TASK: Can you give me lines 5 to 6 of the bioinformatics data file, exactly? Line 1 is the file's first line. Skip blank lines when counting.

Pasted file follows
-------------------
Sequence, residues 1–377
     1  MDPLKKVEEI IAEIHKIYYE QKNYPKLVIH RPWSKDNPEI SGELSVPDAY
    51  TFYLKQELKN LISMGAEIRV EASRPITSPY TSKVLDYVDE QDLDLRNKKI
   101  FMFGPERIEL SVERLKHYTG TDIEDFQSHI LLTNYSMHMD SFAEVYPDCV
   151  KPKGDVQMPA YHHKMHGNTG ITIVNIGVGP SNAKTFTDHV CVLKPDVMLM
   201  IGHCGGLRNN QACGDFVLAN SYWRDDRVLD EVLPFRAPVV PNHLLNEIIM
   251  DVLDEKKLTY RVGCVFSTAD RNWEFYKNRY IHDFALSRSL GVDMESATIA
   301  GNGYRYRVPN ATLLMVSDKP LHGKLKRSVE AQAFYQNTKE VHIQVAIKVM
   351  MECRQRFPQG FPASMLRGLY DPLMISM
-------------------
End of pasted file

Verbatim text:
   151  KPKGDVQMPA YHHKMHGNTG ITIVNIGVGP SNAKTFTDHV CVLKPDVMLM
   201  IGHCGGLRNN QACGDFVLAN SYWRDDRVLD EVLPFRAPVV PNHLLNEIIM